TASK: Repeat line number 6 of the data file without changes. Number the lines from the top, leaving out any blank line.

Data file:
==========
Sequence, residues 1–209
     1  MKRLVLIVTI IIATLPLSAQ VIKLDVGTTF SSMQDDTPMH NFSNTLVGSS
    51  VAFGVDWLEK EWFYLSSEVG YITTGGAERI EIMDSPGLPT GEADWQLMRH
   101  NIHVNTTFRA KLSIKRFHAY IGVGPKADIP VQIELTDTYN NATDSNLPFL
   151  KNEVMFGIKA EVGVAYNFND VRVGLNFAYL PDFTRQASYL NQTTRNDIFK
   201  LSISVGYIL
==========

   201  LSISVGYIL